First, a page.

(Canada, 90 min.)
Dir. Hubert Davis
Programme: Galas (World Premiere)
Early on in Hubert Davis’ Black Ice, Team Canada silver medallist Saroya Tinker recounts her father’s “process” when entering hockey rinks. The first thing he does is look at the pictures on the wall to see if he can find any Black individuals and the result will determine his actions moving forward. If does not see any Black faces, then he knows he will have to go out of his way to make others feel comfortable. Like a chameleon who must constantly change colours based on the environment, knowing the temperature of the space one is about to step into can be a matter of harm prevention for many Black people.
As Davis latest documentary highlights, stepping into the world of hockey as a Black person means placing yourself in predominantly white spaces where anti-Black racism runs rampant. While it took Akim Aliu speaking out against the bullying and racism he endured at the hands of Calgary Flames head coach Bill Peters, who coached him in the minors, for many in the media to take notice, the systemic issues have been present for decades.
Charting racism in hockey all the way back to Africville and the Coloured Hockey League (CHL) in the Maritimes, Black Ice offers an in-depth examination of the structural problems that have plagued the sport and Canada for years. Davis shows that Black communities have long embraced a sport that has not loved them back. Black hockey players thrived not only thrived in the segregated leagues, but also led the way in innovations. Eddie Martin invented the slap shot and the CHL was the first league to allow goalies to go down on the ice to make saves, long before their white peers. Sadly, they did this without ever getting the credit they deserved.
These omission in the plaques that adorn the halls of hockey history were executed by design. Black Ice makes a point to note that the media, via biased reporting, downplayed players’ abilities while racist cartoons and local governments systematically worked to marginalize the CHL and eventually destroy Africville.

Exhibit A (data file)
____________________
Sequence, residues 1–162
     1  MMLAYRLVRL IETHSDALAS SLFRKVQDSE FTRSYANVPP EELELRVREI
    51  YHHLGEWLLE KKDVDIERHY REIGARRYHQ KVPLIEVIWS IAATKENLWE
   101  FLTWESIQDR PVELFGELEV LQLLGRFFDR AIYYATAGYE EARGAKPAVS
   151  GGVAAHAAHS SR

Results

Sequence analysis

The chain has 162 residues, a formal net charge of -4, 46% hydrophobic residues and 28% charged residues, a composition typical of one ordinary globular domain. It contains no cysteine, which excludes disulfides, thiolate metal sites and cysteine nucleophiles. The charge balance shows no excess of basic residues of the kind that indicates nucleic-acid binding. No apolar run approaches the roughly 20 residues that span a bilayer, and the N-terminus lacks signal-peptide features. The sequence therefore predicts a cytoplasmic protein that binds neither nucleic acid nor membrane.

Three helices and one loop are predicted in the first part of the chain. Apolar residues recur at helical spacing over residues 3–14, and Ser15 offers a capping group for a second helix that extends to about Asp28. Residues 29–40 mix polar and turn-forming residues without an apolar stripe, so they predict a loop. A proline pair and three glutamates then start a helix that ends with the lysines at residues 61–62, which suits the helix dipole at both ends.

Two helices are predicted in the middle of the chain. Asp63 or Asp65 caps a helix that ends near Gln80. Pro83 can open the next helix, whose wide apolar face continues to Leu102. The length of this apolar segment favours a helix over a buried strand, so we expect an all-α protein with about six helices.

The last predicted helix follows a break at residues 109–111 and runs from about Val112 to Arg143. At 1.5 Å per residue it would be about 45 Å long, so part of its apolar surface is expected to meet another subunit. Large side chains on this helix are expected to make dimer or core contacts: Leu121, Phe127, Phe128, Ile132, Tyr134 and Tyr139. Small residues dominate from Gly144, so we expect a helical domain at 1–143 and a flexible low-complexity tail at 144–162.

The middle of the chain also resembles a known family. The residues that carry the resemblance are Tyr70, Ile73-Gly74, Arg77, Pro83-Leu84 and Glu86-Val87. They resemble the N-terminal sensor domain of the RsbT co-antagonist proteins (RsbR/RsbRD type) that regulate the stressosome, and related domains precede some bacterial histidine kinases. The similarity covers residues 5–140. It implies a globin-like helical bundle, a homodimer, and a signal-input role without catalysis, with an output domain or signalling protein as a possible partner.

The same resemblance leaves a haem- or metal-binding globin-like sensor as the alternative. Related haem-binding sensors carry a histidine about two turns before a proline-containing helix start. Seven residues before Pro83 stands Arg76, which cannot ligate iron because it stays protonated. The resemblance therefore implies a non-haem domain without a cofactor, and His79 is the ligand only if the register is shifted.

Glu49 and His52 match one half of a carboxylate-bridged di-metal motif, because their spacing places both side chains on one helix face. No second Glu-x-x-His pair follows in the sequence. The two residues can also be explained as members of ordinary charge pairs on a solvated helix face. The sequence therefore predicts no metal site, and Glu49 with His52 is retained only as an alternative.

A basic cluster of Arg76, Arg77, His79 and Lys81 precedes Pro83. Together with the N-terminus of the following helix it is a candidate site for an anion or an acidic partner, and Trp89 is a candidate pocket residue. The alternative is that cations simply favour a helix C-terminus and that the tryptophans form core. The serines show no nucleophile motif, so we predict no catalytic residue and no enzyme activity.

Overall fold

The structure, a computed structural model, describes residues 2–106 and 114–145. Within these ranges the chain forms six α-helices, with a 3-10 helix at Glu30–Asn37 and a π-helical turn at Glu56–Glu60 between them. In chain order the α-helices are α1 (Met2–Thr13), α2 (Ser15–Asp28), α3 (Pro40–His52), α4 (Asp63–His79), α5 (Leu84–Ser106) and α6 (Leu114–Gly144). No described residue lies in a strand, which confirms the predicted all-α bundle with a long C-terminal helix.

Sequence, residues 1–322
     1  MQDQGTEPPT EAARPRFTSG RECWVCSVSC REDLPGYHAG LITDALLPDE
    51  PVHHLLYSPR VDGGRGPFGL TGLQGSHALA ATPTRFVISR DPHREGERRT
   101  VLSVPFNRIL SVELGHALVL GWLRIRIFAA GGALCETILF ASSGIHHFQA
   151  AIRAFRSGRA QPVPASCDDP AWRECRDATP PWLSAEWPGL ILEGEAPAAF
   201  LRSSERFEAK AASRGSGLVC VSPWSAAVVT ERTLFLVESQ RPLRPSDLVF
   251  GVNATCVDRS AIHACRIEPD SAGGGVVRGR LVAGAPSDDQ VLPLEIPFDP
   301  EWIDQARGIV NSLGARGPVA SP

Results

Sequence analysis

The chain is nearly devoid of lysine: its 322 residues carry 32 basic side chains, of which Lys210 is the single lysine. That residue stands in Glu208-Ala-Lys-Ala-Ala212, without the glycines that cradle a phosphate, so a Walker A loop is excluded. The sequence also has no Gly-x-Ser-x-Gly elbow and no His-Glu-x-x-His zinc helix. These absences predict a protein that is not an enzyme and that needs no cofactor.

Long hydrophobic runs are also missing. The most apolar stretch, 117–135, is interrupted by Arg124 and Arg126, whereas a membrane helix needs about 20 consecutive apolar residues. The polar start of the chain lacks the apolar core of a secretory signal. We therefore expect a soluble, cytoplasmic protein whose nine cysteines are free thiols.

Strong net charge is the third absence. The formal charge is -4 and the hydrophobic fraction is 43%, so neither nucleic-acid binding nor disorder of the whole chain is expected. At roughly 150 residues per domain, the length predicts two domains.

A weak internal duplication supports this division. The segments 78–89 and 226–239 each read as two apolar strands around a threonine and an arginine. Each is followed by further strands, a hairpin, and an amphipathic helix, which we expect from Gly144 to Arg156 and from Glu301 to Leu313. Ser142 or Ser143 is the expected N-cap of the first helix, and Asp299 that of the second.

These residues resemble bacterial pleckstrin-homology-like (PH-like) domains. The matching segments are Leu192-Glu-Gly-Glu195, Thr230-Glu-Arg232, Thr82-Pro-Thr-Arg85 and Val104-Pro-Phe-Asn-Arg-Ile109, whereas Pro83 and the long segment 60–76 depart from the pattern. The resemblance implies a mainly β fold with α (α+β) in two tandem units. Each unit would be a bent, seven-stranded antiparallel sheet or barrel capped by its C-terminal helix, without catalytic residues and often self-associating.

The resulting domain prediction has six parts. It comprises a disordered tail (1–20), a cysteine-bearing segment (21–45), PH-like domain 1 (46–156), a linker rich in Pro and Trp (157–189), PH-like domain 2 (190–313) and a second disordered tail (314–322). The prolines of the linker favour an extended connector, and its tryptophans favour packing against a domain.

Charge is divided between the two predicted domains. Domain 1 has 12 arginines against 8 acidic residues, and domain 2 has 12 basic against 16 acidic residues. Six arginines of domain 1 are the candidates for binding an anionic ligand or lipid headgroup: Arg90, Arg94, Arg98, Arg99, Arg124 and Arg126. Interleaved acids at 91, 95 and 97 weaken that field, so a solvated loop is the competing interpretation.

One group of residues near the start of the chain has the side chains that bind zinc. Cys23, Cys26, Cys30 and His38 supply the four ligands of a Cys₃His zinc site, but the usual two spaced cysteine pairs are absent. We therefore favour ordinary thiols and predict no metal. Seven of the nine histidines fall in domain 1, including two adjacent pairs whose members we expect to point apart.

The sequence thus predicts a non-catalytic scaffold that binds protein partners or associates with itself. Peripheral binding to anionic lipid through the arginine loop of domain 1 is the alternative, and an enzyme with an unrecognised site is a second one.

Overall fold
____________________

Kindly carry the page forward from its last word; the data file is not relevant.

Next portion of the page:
One of the tragic causalities of the unfair bias towards Black hockey players from that time was Herb Carnegie, who was considered one of the greatest players never to make the NHL. Despite displaying an elite skill set, NHL general managers, like the Toronto Maple Leafs’ Conn Smythe were reluctant to be the first to sign a Black player. Smythe openly commented about wishing someone could turn Carnegie white, which did significant damage to his chances of ever playing in the league.
While Willie O’Ree would eventually break through the colour barrier, Davis’ documentary makes it clear that things did not get any easier for Black athletes. Speaking to a plethora of professional hockey players and rising stars, including Matt Dumba, Sara Nurse, Anthony Duclair, Wayne Simmonds, P.K. Subban, Mark Connors and Blake Bolden, the film paints a chilling picture of just how toxic hockey culture is at all levels. All of the players interviewed recount their first open experience with racism in the sport occurring between the ages 10 to 13 years old. Even as adults they still must endure racial slurs on and off the ice with some fans throwing bananas and making obscene animal gestures at them.
As Davis skilfully unpacks, the code of silence within the sport holds the door opens for such offenses to skate in unchallenged. Since the culture of hockey promotes putting the team before any one person, most of the recipients of racism are forced to suffer the trauma in silence for fear of having their potential careers derailed. As Kirk Brooks of Skillz, an organization that strives to make hockey more accessible for marginalized communities, notes when talking about the unconscious bias coaches display when assessing talent, Black players are usually put at a disadvantage from a very young age. They are systematically streamed into positions that play up their athleticism, such as defence and goaltending, rather than the skilled and celebrated position of centre.
By pushing players down a narrow stream in an already unstable boat, the sport is inadvertently doing damage to generations of Black players. While hockey organizations at various levels view visible incidents of racism as isolated events, Black Ice effectively captures why such a mentality is a major part of the problem. As professor Debra Thompson points out, this approach results in predatory inclusion, where Black people are included in white spaces but never as an equal. Even when being mocked and mistreated they are still expected to make the white individuals around them always feel safe and comfortable.
Davis’ film aims to disrupt that comfort with hard truths that have been ignored for far too long. Black Ice is a riveting work that is a necessary wakeup call to the sport of hockey and the country that passionately embraces it.